Magazine article Sunset

Western Garden Design Awards: 17 Winning Gardens Celebrate Outdoor Living in the West

Magazine article Sunset

Western Garden Design Awards: 17 Winning Gardens Celebrate Outdoor Living in the West

Article excerpt

Here they are: the 17 winners of sunset's second biennial Western Garden Design Awards - gardens remarkable for their innovation and creativity. Out of scores of entries submitted by landscape architects and designers, the winners represent the best in each of six categories - Garden Decoration, Garden Renovation, Outdoor Living, Problem Solving, Regional, and Small space. They were selected by four jurors (see From the Editor on page 12). And they're filled with ideas for handsome plant combinations, paving, materials, and water features that you can use no matter where in the West you live.



"Fantastical, gutsy, and refreshing" is how jurors described this garden. Its fountain recalls the water channels of ancient civilizations, landscape architect Gregory Trutza calls it an "8-foot-tall ancient aqueduct with faded Sumerian hieroglyphs that suggest remains of a past culture." In this desert climate, running water soothes the soul. The added humidity soothes plants, too. But this fountain does so much more. "The interplay of the wall texture and plant foliage is especially striking," one juror noted.

Local artist Mitchell John translated Trutza's design on Italian lime plaster. A 30-foot-long pond captures water falling from the aqueduct. The structure accommodates an existing palo verde tree and complements Adele and Steve Revella's art collection (the aqueduct is viewed from their living room window).

This unusual fountain may not be suitable for every landscape, jurors commented, but its success in this garden demonstrates that designers should continue taking risks.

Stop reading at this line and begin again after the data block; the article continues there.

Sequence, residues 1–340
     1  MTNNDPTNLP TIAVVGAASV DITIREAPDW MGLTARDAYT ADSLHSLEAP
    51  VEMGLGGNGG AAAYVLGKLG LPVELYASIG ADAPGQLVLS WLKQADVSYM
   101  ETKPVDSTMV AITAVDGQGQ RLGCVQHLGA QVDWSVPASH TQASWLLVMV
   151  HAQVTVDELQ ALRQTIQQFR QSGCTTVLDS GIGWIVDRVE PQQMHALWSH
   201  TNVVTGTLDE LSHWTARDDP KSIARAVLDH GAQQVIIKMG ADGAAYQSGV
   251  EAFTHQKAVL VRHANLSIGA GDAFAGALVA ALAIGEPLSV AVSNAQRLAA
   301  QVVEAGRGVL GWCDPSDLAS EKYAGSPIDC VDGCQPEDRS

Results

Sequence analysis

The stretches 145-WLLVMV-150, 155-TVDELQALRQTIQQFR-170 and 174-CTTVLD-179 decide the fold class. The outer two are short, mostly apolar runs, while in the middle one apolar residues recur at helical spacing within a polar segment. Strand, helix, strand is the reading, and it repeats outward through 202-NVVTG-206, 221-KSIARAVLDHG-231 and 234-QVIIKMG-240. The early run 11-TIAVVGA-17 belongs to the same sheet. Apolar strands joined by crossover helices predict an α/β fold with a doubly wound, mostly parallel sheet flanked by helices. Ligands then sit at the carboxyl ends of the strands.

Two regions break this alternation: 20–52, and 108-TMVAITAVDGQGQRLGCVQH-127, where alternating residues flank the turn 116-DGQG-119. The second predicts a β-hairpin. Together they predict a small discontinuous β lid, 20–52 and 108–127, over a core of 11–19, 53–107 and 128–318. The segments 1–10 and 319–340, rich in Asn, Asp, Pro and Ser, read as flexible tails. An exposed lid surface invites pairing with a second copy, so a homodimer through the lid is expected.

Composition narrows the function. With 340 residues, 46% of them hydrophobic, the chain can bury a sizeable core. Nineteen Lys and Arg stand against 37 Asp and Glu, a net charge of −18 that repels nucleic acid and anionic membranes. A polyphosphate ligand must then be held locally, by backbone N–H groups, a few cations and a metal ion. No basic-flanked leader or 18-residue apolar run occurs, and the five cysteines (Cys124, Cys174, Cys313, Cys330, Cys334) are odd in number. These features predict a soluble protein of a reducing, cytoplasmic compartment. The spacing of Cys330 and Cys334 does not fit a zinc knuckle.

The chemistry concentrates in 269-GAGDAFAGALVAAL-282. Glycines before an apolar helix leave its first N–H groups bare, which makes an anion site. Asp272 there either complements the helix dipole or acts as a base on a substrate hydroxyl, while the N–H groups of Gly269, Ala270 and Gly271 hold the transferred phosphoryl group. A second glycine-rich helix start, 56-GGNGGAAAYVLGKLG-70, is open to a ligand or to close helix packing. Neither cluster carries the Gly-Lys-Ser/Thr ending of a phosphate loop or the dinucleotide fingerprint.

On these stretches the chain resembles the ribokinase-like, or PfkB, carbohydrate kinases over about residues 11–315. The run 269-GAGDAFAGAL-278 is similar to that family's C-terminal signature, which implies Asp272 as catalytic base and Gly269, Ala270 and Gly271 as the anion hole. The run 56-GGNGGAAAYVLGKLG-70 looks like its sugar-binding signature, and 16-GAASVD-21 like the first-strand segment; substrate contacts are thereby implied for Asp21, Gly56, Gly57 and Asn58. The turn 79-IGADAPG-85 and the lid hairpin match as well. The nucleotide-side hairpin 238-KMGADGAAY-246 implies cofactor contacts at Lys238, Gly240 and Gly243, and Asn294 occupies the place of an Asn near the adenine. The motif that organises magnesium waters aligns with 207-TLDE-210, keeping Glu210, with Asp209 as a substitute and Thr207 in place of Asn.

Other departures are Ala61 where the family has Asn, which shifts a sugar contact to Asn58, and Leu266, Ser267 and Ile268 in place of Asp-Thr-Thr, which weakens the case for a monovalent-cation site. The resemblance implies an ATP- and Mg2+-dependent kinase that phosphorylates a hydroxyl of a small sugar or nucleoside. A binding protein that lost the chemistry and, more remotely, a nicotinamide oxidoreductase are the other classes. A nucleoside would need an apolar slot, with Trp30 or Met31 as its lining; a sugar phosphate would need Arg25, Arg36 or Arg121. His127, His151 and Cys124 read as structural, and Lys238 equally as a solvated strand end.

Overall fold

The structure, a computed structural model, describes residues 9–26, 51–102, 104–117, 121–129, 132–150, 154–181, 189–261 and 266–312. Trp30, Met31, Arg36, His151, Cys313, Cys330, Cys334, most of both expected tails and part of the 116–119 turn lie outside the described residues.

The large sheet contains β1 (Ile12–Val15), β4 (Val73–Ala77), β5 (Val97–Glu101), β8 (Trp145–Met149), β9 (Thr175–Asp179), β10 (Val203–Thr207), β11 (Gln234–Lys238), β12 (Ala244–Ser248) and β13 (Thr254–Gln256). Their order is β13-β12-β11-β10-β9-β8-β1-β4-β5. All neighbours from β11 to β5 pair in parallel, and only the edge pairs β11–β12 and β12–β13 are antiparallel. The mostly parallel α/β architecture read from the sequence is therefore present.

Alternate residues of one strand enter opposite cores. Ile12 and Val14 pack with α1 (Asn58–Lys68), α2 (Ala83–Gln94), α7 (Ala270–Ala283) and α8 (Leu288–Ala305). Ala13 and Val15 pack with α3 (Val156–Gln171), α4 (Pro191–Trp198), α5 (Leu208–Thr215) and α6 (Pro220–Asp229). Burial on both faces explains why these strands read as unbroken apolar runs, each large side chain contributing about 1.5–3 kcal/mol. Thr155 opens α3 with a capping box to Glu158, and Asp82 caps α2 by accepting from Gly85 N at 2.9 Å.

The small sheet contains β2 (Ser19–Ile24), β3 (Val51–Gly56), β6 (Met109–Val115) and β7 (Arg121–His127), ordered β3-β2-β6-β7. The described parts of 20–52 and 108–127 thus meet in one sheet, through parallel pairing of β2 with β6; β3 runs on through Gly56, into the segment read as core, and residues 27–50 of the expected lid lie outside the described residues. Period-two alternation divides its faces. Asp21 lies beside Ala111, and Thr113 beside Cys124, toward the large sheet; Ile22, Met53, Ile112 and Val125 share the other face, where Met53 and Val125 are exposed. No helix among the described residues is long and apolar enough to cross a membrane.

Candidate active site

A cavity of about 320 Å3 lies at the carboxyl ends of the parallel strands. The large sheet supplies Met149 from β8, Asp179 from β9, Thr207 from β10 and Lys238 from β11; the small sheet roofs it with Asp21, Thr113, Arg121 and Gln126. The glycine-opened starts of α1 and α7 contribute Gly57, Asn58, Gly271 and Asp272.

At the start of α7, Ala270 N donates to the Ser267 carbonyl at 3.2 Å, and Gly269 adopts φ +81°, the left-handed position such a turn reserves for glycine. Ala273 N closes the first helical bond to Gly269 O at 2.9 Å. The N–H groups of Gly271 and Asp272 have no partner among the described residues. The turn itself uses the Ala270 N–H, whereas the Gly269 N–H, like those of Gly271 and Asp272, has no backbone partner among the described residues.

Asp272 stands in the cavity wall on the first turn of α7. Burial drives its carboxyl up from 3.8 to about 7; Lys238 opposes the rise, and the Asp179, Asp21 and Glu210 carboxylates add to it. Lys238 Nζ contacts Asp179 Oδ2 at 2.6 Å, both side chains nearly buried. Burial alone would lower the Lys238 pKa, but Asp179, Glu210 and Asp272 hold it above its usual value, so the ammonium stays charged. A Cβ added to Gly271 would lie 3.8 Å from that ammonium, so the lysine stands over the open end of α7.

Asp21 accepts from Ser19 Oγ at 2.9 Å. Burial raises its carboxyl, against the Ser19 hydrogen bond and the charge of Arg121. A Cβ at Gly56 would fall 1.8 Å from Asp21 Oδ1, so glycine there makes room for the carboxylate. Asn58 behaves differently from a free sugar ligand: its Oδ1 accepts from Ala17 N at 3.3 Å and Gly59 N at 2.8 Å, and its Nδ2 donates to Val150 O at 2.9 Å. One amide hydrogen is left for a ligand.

Designer: Gregory Trutza, new Directions in Landscape

Architecture, Phoenix (602/998-1399)



Marlene Dietrich would have felt right at home in this desert garden. Dramatic lines, an elegant pool, and exquisite stone paving make a setting fit for a movie star. But in spite of its refined appearance, the garden has a practical side too: it's wheelchair accessible.

Sliding glass doors open the house directly onto a level, covered patio-pavilion. "The open pavilion is like an extension of the interior," said one juror. Wide paths lead around the garden.

Landscape architect Gregory Trutza designed the garden to complement the house's contemporary, adobe style. A graduated rear wall frames the pool and the mountain view; higher sections block out nearby development. Night lighting is an important feature, since the owners enjoy entertaining; lighting on the trees, in the wall, and inside the pavilion sets the garden aglow by night. This space, like Dietrich, is charming at any hour of the day.

Designer: Gregory Trutza, New Directions in Landscape Architecture, Phoenix (602/998-4399)



Compact gardens, where every inch must count, are often more of a design challenge than grand ones with space to spare. So while this garden is intimate - just 1,250 square feet - its efficient use of space, as well as its colors and textures, particularly impressed the jurors. "It makes wonderful use of the outdoor areas," one noted.

Before the remodel, owners Maureen Cornelia and Peter Sheremeta rarely used the garden. The expansive brick patio was hot and unappealing, and it felt hemmed in by the glaring whitewashed studio and house. Designer Cynthia Hayes cleverly toned down the walls by painting the house a putty color and the studio a rich dark green to blend it into landscape. Then she added arbors, seat walls, and planters to create separate rooms and interesting vistas. Different paving materials - including gravel and flagstone - define the individual garden areas. Much of the brick paving was reused throughout the garden.

Plants were chosen for their all-seasons good looks. …

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